Friday, March 28, 2008

Harbin – near the Russian border

On March 18 I was in Harbin.

Even if you are not going to visit Harbin in the near future, it is always useful to know at least a little of its history. Heilongjiang Province, the most northwesterly part of China, when viewed on a map has the shape of a swan. Its capital city is Harbin, which is located south of Heilongjiang. Not only for its special position, but also as the center of Heilongjiang's political, economic, educational and cultural life, Harbin is described as the pearl beneath the swan's neck.

Harbin was the birthplace of Jin (1115-1234) and Qing (1644-1911) Dynasties, the latter of which had a very considerable influence on modern Chinese history. At the end of the 19th century, Russia built the terminus of the Middle East Railway here. Later, more than 160,000 foreigners from 33 countries migrated to Harbin, promoting the development of a capitalist economy in the city. The economy and culture of Harbin achieved unprecedented prosperity at that time and the city gradually grew into a famous international commercial port. Assimilating external culture, Harbin created its unique and exotic cityscape.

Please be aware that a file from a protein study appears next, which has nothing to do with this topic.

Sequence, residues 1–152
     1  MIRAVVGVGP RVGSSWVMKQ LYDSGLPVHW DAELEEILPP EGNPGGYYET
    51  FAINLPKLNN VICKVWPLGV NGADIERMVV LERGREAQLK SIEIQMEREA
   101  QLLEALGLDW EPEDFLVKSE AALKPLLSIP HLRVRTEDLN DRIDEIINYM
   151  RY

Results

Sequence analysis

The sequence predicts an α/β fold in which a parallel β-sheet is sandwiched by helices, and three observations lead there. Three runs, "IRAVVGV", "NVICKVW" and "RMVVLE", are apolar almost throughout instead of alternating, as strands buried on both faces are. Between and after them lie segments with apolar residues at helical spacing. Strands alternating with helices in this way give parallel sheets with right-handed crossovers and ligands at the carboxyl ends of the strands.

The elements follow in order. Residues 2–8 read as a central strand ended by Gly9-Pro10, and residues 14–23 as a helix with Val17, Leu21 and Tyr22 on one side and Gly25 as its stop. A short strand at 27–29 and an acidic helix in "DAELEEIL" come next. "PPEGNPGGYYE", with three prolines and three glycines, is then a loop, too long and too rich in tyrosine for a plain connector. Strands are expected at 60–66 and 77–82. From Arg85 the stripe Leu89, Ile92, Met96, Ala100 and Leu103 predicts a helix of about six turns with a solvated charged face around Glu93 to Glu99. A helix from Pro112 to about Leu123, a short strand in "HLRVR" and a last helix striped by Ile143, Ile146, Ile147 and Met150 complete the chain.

Population: 9.27 million, of them 4.11 million in the urban districts of the city

Land Area: 53,796 km², 4,275 km² urban

Harbin today is still very much influenced by its Russian past. A city once under Russian rule, it is now a center of trade with that country.

The influence of Russia came with the construction of the China Far East Railway, an extension of the Trans-Siberian Railway, and Harbin, known formerly as a fishing village began to prosper as the largest commercial, economical center of North Eastern Asia.

Winter culture

Harbin is one of the sources of ice and snow culture in the world. Geographically, it is located in Northeast China under the direct influence of the cold winter wind from Siberia. The average temperature in summer is 21.2 degrees Celsius, −16.8 degrees Celsius in winter. It can be as cold as −38.1 degrees Celsius in winter.

I met Fr. Yue, the apostolic administrator of the Harbin Cathedral and a good friend of the Claretians.

In Harbin we have one of the 14 “Parish Library” and Fr. Yue has taken good care of it. They also have one copy of the Chinese edition of our Pastoral Bible for each parishioner.

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